Christian filmmakers from high schools across California come together through the celebration of filmmaking in a place of collaboration and exposure!
Go to the website for more information: http://teenfaithfilmfest.weebly.com/
I sat down with the Festival Director to talk about the festival.
Matthew Toffolo: What is your festival succeeding at doing for filmmakers?
Asher Segelken: The Teen Faith Film Festival is succeeding on three major fronts, the first is exposing stories of faith exploration through film. Our first year hosted very powerful narratives, documentaries and Art-House films that conveyed something deeply spiritual.
Secondly we are succeeding in the networking, for a second year event we have been able to network with Biola University, and other Christian Filmmaking Professionals to bring an event that is very active for networking and internships.
Thirdly we are succeeding in the quality of submissions attracting the best of faith based High School films from across the country.
Matthew: What would you expect to experience if you attend the festival?
Asher: If I was at a festival I would expect to see people represented from a lot of places and perspectives I would expect to be blown away by the efforts of the student committee who put on and market the festival as well as expect to know the essential details of each film before I left the Nechita Center.
Matthew: What are the qualifications for the selected films?
Asher: All films must be under ten minutes and made by a teenager. That’s it. We assess the spirituality of different submissions looking for profound insights coupled with good filmmaking and then we send the films on to professionals judges that then score the films.
Matthew: Do you think that some films really don’t get a fair shake from film festivals? And if so, why?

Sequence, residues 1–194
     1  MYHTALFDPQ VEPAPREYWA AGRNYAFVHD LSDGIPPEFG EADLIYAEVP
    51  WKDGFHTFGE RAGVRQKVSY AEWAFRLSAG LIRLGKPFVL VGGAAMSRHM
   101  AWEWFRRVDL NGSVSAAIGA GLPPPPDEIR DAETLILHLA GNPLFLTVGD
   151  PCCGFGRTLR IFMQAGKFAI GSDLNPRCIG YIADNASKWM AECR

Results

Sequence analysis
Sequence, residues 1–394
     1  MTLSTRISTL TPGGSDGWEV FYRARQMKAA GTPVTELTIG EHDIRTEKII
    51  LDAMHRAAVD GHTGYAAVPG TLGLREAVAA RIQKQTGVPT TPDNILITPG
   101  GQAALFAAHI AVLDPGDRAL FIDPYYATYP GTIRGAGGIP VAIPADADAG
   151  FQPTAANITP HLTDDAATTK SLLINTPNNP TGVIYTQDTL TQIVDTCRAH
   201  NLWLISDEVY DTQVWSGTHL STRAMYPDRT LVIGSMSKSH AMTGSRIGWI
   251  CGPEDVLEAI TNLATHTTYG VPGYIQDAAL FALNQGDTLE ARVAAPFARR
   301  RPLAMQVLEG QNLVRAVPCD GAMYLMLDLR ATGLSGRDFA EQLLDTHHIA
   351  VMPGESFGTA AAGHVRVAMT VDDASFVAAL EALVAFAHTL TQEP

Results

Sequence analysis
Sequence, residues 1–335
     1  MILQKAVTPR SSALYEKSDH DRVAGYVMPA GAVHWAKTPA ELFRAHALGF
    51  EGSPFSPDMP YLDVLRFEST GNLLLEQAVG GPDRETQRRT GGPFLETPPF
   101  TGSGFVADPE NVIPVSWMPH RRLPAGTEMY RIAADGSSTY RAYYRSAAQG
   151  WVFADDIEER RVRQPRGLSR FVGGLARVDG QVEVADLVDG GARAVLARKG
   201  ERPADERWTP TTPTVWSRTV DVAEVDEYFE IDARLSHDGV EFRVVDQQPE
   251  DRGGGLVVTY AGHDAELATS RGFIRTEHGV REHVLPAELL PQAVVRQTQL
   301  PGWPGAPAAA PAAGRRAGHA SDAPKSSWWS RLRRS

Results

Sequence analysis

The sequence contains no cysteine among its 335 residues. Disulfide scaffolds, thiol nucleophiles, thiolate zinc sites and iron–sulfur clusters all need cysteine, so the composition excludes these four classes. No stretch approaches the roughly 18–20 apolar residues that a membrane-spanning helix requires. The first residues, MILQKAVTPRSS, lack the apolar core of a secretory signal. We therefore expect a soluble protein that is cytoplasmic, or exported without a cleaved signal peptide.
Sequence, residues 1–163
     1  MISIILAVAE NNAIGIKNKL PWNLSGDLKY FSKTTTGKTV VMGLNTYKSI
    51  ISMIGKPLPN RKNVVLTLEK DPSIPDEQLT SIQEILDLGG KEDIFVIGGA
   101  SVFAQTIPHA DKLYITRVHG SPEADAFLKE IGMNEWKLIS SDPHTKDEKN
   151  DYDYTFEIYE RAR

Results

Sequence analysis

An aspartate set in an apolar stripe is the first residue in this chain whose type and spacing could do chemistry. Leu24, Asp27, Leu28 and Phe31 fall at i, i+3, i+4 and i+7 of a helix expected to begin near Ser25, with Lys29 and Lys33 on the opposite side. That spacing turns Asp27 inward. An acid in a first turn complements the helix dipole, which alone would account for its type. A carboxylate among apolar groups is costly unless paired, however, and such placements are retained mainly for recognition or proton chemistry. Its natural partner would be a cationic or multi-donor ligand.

Asher: I think festivals want what would sell in that they want the publicity of being the festival where a deal was made because that is what festivals are after. I also think festivals want to see innovation in film and so if either extreme is not met a spiritual margin somehow disqualifies you. At teen faith we look for the best filmmaking and the best story. The only way a film is subjectively disqualified at teen faith after qualifying by being 10 minutes and made by a teen is if that film ignores spirituality which is frankly a difficult thing to ignore in while telling a story.
Matthew: What motivates you and your team to do this festival?
Asher: What motivates my team and I to do this festival is the idea of celebrating what our peers are doing through an art form we love to express faith of all kinds and to further story in a unique way as students.
Matthew: How has the festival changed since its inception?
Asher: The Festival was originally supposed to be a closed festival to selected schools but then became a much more open and international event.
Matthew: Where do you see the festival by 2020?
Asher: By 2020 I see the Teen Faith Film Festival being the place to see up and coming christian filmmakers celebrated and then going on to continue to innovate Christian filmmaking changing it for the better by going away from cheesier films that we are used to cringing at when they are in the box office to making films that create legitimate hype regardless of a person’s religious standings.
Matthew: What film have you seen the most times in your life?
Asher: For me I can’t stop watching Birdman or the Dark Knight those films are so well done and speak so much to the complexities of societial and individual humanity.
Matthew: In one sentence, what makes a great film?
Asher: A Great film is made when realism is balanced with reasonable suspense forcing the viewer to be present, while also being provocative in a way that changes ones perspective when they leave the theater.
Matthew: How is the film scene in your city?
Asher: Orange County is better known for the amazing contract/freelance filmmakers in the area who make a good profit for providing film services. The Art-form itself is very beloved being in the greater Los Angeles area.
Interviewer Matthew Toffolo is currently the CEO of the WILDsound FEEDBACK Film & Writing Festival. The festival that showcases 10-20 screenplay and story readings performed by professional actors every month. And the FEEDBACK Monthly Festival held in downtown Toronto on the last Thursday of every single month. Go to www.wildsound.ca for more information and to submit your work to the festival.